Graham Lord (“Quotation marked”, Letters, last week) says the author who mistook an inquiry about price for the name “Emma Chizzit” when signing books in Sydney wasn’t PD James (who told me in an on-stage interview that it happened to her) but Monica Dickens in 1970. The situation isn’t as simple as he thinks. I’ve been informed that it happened to Monica Dickens in the 1950s, in the 1960s and in the 1970s, and that it happened not to Dickens but to Kenneth Williams, and that it occurred not in Sydney but in Bristol (where the accent, I was told, is curiously similar). Obviously it’s a comic error that could have happened to more than one writer.
Peter Kemp, London N3

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Peter Beardsley, footballer, 54; David Bellamy, botanist, 82; John Boorman, film director, 82; Raymond Briggs, illustrator, 81; Kevin Costner, actor, 60; Richard Dunwoody, jockey, 51; Estelle, singer, 35; Jane Horrocks, actress, 51; John Hume, joint Nobel peace prize winner, 78; Mark Rylance, actor, 55; Philippe Starck, designer, 66


1486 King Henry VII marries Elizabeth of York, ending the Wars of the Roses; 1778 Captain James Cook first sights Hawaii, which he names the Sandwich Islands; 1882 author AA Milne born; 1884 author Arthur Ransome born; 1919 start of the Paris peace conference; 1943 first uprising of Jews in the Warsaw ghetto



Jewish groups demonstrate outside the British High Court against rising incidents of anti-Semitism Photo: JUSTIN TALLIS/AFP/Getty Images

SIR – Emma Barnett decries the way some entangle their opinions about Israel with anti-Semitic attitudes. She might have pointed out that to do so is, in fact, to play the Islamist game. There is ample evidence that jihadists, including Hamas, Hezbollah, the Islamic State (Isil) and al-Qaeda, profess a vehement hatred for Jews and advocate killing them regardless of who they are, leading to attacks such as the one on the kosher supermarket in Paris. They also aim to eliminate Israel from the Middle East, not only because it is the nation state of the Jewish people, but because it is a bastion of Western democracy, which they equally despise.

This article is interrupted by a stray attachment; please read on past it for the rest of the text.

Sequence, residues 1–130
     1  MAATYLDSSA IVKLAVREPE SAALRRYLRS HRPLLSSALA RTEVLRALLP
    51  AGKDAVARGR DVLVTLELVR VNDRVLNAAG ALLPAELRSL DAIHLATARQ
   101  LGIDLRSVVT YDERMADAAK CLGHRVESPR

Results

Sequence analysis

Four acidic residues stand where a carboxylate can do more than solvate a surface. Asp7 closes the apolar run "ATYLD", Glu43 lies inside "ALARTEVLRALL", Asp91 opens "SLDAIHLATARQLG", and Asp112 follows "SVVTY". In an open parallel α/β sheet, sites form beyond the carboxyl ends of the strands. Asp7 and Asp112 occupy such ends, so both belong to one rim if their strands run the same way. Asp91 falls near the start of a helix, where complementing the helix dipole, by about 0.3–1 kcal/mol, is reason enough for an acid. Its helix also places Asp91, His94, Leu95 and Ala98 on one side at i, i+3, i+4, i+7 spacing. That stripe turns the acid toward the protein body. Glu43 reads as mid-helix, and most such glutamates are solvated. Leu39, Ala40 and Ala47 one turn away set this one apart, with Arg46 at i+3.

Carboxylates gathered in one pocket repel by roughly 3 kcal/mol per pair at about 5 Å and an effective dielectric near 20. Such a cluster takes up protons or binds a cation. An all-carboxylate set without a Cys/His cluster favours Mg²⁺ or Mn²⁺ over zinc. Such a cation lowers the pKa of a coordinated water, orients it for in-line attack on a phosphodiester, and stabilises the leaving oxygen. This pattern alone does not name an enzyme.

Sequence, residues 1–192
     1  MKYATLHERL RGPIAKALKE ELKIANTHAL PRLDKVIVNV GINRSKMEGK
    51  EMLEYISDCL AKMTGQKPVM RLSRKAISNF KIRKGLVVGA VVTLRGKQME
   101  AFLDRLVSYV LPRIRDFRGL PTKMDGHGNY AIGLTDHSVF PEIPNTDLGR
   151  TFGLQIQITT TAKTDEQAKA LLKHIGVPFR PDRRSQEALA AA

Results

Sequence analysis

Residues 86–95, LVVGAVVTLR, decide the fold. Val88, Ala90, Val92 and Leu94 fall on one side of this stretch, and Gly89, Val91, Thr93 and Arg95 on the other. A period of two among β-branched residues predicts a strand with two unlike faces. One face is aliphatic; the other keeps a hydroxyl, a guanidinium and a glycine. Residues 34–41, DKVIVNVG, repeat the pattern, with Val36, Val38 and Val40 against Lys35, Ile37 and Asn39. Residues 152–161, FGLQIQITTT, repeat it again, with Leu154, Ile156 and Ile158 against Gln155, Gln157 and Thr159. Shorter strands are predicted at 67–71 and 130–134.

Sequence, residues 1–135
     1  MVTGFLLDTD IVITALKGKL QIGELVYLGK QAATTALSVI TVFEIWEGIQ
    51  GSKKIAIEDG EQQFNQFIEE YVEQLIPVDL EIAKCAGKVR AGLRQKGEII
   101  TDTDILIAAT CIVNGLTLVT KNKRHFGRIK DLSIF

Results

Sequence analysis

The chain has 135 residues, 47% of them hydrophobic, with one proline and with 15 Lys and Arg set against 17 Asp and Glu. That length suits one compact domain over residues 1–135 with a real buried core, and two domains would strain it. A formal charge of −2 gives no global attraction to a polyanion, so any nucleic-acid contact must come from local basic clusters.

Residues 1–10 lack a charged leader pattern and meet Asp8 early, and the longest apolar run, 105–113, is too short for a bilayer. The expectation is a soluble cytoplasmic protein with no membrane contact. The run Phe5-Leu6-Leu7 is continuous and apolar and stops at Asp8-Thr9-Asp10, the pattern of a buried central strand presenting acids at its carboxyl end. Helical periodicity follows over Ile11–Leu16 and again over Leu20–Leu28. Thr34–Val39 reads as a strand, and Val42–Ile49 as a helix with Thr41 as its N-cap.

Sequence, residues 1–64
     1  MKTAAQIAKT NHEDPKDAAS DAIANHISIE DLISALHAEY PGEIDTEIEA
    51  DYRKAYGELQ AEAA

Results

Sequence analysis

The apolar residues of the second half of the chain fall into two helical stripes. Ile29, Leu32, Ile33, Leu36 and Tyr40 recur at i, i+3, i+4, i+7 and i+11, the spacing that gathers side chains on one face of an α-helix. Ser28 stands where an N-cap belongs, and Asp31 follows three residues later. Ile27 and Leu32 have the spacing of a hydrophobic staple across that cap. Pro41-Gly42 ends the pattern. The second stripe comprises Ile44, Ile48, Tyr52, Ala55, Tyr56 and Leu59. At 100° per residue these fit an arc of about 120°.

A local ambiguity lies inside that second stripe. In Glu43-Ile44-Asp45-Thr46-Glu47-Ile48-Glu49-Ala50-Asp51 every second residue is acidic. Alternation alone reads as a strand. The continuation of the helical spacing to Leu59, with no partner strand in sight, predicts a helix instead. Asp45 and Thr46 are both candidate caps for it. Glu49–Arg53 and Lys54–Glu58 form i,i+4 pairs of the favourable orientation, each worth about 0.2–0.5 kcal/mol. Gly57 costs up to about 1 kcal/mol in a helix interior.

If Jews cannot live freely without fear of attack in a democratic society, then everyone is at risk.

Neville Teller
Jerusalem, Israel

SIR – As a British Christian, I find the bias against Jews hard to understand. Jesus and the first Christians, to whom we owe much of our Western culture, were Jews.

Harry Leeming
Morecambe, Lancashire

SIR – I suspect that if the words Pakistanis or Scots were substituted for Jews in most of the questions in “the British public’s attitude towards British Jews”, the percentages agreeing would have been equally high, if not higher.

David Burton
Wellington, Shropshire

SIR – While it is undeniably the case that Charlie Hebdo causes offence (Letters, January 14), your correspondents must surely understand that protecting the right to free speech only when it does not offend is meaningless.